Using Variables in Bicep

Variables in Bicep

Variables in Bicep are a crucial feature for enhancing the readability, maintainability, and flexibility of your Azure Resource Manager (ARM) templates. They allow you to store and reuse values, making your code more concise and easier to manage. In this guide, we’ll explore the various aspects of using variables in Bicep, including how to define them, use them in resource definitions, expressions, outputs, and configuration settings.

This is a new series of articles about ‘BiCep’ technology by Microsoft – it is a game changer for resource management in the cloud – well worth investigating if you are a cloud builder!

Key Takeaways:

  • Variables in Bicep enable the definition of reusable expressions.
  • Using variables simplifies the development process.
  • W word of caution! … there is a limit of 256 variables per Bicep file., so don’t exceed this limit.
  • Variables can be used in various contexts, such as resource properties, output values, and iterative loops.

Defining Variables in Bicep

In Bicep, you can define variables using the ‘var‘ keyword followed by the variable name and its value. Here’s the syntax to define a variable in Bicep:

<variable-name> = <variable-value>


Syntax of Bicep Variable

Bicep infers the data type of the variable from its assigned value. This saves you time and effort by removing the need to explicitly declare the data type. For example, when setting a variable to a string value, you can use the following syntax:

var stringVar = ‘example value’

Using Variables in Resource Properties

One of the key benefits of variables is their ability to be used within the properties of Azure resources defined in your Bicep file. By referencing variables in resource properties, you can dynamically set values based on your defined variables. For example, you can use a variable to set the name of a storage account or the location of a resource, enabling more flexibility in your Azure resource configurations.

Heres a simple example:

Using Variables in Resource Definitions in Bicep

Using Variables in Iterative Loops

Variables can also be used within iterative loops in Bicep. This is useful when you need to create arrays of objects. Using the “for” keyword with the “range” function, you can iterate a specified number of times and define the properties of each object using the loop index. This enables you to generate arrays with consistent and predictable data structures.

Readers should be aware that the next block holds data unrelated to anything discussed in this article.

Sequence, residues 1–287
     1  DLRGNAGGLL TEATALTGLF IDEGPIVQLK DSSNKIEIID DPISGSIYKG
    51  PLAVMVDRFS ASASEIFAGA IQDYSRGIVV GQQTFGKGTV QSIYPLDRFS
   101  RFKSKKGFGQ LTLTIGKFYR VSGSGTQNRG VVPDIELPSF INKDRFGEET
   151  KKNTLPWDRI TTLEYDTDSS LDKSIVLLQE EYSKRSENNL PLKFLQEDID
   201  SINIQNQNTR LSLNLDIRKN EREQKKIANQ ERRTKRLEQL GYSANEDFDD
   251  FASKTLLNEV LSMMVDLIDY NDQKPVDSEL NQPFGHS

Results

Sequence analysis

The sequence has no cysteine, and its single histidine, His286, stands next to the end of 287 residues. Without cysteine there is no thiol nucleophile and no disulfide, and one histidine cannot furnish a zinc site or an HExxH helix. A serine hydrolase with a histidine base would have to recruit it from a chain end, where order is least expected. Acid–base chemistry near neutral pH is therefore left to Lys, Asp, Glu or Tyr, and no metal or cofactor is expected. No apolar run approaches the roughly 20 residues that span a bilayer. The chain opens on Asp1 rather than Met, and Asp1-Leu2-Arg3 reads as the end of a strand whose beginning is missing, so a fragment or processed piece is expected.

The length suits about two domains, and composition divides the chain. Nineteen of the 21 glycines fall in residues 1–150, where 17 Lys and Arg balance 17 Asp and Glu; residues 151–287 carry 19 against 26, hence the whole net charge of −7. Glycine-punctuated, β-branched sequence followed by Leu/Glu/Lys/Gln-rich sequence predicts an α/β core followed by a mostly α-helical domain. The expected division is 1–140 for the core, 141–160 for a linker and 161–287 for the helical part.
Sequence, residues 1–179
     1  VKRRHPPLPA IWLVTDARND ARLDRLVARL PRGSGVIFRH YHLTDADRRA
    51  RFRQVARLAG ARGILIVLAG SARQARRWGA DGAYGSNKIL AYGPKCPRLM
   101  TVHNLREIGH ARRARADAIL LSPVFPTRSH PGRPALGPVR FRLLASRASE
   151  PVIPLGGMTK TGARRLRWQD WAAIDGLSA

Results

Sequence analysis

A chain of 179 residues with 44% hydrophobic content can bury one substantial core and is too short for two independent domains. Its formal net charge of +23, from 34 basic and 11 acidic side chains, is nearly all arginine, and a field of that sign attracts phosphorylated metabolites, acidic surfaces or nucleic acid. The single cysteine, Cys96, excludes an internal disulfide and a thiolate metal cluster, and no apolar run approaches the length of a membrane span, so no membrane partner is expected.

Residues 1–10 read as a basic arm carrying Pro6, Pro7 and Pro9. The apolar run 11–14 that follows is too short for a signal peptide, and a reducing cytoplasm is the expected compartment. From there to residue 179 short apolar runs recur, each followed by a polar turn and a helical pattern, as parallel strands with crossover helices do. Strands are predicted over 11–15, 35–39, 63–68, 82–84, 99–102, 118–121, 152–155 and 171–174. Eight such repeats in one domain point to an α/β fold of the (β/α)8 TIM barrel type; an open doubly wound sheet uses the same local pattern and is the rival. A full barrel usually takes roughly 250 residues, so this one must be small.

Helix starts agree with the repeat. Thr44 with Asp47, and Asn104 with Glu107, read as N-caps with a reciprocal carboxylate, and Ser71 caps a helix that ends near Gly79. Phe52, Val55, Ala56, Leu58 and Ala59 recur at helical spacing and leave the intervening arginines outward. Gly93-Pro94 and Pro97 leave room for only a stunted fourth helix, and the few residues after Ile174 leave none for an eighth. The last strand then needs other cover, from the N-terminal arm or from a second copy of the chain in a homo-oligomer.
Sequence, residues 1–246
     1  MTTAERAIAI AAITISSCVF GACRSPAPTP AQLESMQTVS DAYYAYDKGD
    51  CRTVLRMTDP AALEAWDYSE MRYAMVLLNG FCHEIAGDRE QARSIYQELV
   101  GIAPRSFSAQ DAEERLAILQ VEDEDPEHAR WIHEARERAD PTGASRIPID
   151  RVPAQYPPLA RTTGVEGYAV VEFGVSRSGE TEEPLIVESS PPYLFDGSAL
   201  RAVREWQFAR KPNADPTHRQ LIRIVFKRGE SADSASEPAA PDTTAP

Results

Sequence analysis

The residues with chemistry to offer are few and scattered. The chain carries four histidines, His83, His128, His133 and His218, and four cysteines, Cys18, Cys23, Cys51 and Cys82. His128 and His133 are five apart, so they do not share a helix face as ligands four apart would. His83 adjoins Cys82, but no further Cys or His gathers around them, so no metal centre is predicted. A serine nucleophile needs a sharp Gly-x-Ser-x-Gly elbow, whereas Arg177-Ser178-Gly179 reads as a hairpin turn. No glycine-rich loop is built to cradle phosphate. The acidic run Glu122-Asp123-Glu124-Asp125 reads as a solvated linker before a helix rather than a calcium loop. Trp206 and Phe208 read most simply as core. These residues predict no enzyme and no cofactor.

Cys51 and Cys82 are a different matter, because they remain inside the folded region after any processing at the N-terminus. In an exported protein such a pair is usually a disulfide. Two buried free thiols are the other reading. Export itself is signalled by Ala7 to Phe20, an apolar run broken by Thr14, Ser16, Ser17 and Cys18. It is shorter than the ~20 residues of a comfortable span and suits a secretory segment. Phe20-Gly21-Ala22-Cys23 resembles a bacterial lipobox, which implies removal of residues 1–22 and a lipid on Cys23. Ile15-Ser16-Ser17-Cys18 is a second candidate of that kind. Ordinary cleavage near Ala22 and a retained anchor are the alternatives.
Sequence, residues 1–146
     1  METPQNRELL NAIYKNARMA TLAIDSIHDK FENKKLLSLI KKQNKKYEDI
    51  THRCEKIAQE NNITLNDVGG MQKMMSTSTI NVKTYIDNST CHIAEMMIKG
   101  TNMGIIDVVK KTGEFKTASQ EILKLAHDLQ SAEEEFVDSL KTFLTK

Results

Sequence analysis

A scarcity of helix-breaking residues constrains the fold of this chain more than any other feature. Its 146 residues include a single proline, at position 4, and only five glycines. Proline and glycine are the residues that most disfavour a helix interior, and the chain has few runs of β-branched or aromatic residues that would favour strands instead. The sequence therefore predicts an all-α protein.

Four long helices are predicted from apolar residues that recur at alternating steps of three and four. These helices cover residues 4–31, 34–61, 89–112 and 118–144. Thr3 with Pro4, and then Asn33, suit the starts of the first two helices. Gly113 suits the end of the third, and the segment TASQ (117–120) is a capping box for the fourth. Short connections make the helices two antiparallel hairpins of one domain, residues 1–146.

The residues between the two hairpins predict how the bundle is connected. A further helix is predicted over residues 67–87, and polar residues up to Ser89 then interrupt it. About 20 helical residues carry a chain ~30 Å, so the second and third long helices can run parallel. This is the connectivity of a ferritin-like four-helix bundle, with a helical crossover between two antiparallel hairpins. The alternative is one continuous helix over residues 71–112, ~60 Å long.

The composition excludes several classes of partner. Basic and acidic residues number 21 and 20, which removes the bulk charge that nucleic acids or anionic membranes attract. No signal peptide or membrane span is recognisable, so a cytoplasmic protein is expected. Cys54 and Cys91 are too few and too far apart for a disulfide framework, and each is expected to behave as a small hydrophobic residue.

For example, you can use iterative loops and variables in Bicep to create an array of data disks. Each object in the array can have properties such as disk name, disk size, and disk index, making it easy to manage and maintain the array’s data structure.

Bicep Variables in Iterative Loops

Leveraging Configuration Variables for Environment Settings

Bicep provides a powerful feature called configuration variables that enables you to manage environment-specific values for your Azure deployments. These variables are defined as objects with key-value pairs, with each key representing an environment name and each value representing the configuration settings for that specific environment.

For instance, you can define a configuration variable that holds values for both the “test” and “prod” environments.

Configuration Variables in Bicep

Constructing Variables with Expressions

Variables can be constructed using expressions, allowing for dynamic value generation. This is particularly useful when creating resource names or constructing values based on other parameters or variables.


Mastering Bicep Variables – Tips and Best Practices

When it comes to working with variables in Bicep, there are several best practices that can help you write more efficient and maintainable infrastructure as code. By following these guidelines, you can unlock the full potential of Bicep variables and ensure efficient coding practices.

Best Practice Description
Use Descriptive Variable Names Choose meaningful names that clearly convey the purpose of each variable.
Avoid Naming Conflicts Ensure that variable names do not overlap with parameters, modules, or resources in your Bicep file.
Leverage Functions and Expressions Take advantage of Bicep’s built-in functions to create dynamic and reusable variable values.
Organize Variables Logically Group related variables together and provide clear documentation for each variable.
Test and Validate Variables Verify that variables are resolving as expected and providing the correct values.
Documentation Document the purpose and usage of each variable to facilitate understanding and future maintenance.


Remember, variables in Bicep offer a powerful mechanism for simplifying template development by abstracting complex expressions and values. By utilizing variables effectively, you can enhance the readability, maintainability, and flexibility of your ARM templates, making them more efficient and easier to manage.

Happy cloud building!


ps: if you need a deeper dive, check out this documentation: